CALGARY, Alberta — A confidential study commissioned by some unsecured creditors of Dome Petroleum Ltd. has found the financially troubled company is worth at least $385 million more than Amoco Canada Petroleum Co. Ltd. is offering, bank sources said.
The study was presented to unsecured lenders at meetings late last month in New York and Paris to help them assess the terms Amoco has proposed for their Dome loans--worth an estimated $615 million or roughly one-eighth of Calgary-based Dome's total $4.85-billon debt.
The two-volume report says Amoco drove a hard bargain last April by convincing Dome to accept its $4-billion takeover plan, the sources said late last week.
The proposal, which hinges on shareholder and creditor approval, would provide secured lenders with an average 88.5 cents for every dollar owed and unsecured creditors with about 35 cents.
The study says U.S.-owned Amoco should have paid at least $4.3 billion and possibly as much as $4.7 billion. It was conducted by Lancaster Financial Inc., a Toronto Merchant bank that is well-known for its expertise in evaluating potential mergers and acquisitions.
Lancaster was hired in July by a committee representing more than 25 of Dome's unsecured lenders. The committee has five members: Canada Trustco Mortgage Co., Chase Manhattan Bank, Credit Lyonnaise, Lloyds Bank of Canada and Barclays Bank of Canada.
Each committee member and Dome signed a confidentiality agreement that is in intended to stop them from revealing details of the report, but two people who had seen it confirmed its ultimate conclusion--that Amoco paid at least $385 million below market value.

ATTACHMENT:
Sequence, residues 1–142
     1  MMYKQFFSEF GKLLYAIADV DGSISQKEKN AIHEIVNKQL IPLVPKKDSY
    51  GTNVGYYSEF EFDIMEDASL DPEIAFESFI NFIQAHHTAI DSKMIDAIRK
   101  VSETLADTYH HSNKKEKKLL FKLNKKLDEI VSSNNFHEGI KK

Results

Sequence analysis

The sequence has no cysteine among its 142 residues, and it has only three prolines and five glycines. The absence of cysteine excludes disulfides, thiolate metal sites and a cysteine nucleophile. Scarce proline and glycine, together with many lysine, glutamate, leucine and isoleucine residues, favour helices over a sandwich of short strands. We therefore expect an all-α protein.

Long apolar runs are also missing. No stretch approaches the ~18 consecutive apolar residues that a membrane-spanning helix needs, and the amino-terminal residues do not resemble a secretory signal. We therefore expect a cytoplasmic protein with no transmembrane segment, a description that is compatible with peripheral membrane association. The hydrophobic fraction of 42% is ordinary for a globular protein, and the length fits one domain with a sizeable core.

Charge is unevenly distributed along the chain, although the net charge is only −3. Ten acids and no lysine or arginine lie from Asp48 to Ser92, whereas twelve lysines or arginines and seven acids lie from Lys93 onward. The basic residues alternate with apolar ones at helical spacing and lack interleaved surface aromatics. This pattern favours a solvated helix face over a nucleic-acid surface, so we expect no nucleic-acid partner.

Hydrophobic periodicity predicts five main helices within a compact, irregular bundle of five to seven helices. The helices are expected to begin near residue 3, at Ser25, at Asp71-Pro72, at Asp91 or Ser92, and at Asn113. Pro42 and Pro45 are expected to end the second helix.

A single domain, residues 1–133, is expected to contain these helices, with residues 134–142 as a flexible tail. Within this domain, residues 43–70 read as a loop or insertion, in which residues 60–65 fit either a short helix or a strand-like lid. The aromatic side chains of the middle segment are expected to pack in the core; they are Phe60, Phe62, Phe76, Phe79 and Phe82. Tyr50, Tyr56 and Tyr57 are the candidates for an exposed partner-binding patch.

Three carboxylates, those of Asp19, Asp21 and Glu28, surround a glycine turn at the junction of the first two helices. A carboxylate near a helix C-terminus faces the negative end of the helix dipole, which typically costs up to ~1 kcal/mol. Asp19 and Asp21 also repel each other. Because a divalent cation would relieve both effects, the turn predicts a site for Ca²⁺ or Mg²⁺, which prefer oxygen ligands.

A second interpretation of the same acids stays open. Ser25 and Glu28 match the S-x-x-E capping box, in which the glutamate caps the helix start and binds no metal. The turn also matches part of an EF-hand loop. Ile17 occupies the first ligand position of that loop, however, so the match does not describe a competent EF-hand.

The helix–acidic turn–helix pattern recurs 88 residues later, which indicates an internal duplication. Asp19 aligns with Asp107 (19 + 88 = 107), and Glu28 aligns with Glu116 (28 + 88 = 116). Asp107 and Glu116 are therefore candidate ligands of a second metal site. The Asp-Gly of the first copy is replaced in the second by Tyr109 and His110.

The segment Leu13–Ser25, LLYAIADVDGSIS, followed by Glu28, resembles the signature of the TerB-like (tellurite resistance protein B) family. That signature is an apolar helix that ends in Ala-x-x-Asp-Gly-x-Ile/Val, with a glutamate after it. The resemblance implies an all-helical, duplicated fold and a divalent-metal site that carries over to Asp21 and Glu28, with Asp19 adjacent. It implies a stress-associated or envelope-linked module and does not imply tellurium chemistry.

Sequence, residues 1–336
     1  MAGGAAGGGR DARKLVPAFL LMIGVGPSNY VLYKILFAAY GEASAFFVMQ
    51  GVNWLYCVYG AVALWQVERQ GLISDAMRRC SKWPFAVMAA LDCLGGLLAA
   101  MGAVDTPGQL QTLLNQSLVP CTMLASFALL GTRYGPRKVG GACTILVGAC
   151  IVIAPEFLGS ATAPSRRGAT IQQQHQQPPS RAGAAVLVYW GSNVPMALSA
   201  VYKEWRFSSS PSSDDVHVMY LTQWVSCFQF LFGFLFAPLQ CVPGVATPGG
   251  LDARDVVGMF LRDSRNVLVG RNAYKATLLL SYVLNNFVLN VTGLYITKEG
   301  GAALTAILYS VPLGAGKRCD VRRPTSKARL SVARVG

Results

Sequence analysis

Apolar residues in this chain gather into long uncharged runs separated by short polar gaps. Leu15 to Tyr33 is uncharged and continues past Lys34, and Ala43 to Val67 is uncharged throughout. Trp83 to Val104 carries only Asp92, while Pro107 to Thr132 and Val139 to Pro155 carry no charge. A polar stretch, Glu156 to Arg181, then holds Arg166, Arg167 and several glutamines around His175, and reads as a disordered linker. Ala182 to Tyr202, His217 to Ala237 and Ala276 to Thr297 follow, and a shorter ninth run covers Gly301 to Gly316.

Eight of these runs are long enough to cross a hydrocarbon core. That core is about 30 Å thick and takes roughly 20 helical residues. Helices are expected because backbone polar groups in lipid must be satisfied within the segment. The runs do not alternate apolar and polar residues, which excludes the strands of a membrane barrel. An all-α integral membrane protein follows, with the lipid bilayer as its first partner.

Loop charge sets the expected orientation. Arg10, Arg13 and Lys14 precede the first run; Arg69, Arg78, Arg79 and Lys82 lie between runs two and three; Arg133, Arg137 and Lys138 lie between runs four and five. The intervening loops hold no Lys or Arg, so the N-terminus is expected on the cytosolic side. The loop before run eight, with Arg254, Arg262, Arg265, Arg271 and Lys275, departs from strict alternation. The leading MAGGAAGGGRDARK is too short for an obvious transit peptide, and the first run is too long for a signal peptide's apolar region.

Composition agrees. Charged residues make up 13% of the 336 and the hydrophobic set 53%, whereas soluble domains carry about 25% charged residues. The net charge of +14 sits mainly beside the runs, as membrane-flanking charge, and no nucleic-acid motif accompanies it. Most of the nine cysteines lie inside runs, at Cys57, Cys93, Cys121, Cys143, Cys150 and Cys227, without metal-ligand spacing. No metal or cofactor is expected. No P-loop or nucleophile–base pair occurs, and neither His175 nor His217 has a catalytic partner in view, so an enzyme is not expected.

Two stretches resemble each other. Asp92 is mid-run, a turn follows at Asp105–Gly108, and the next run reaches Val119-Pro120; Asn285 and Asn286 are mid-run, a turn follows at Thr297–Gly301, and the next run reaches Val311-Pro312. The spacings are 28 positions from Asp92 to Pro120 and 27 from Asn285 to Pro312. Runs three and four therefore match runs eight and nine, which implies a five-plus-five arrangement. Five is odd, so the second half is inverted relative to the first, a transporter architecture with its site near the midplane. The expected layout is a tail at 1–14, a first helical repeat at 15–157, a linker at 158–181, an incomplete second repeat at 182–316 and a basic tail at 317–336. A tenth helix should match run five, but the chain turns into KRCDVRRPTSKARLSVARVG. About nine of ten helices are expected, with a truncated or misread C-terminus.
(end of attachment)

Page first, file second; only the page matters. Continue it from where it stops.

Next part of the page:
Official committee spokesmen were not available or refused comment Friday. Amoco representatives also declined to be interviewed.
Dome's spokesman David Annesley said on Friday that he has not seen the report, but suggested it places a higher price on Dome because its assessment was made in August--four months after the Amoco author and at a time when crude oil prices were about $2.50 a barrel higher.
Glen Roane, the Lancaster director who led the Dome assessment team, refused to say what price his company has placed on Dome. But he said it would have been easy for anyone evaluating the company in August to make his calculations using April oil prices.
Virtually all of Dome's debt has been in technical default since June 30 when its interim repayment agreement with creditors expired, the company has said. The company abandoned efforts to negotiate an extension when the Amoco offer was accepted, but creditors have kept the deal up in the air by refusing to endorse it.
Members of a New York-based syndicate of secured creditors owed $770 billion said earlier this month that Amoco has offered an extra three cents for every dollar owed and said it appears the company is ready to make the same proposal to every lender, they said. Amoco will only say negotiations are continuing.
The purchase contract includes a clause that enables Dome to back out of the deal after Nov. 30 if its chances of winning shareholder and creditor approval appear hopeless. Amoco can also abandon its offer next March. But both sides have indicated that they will push ahead anyway.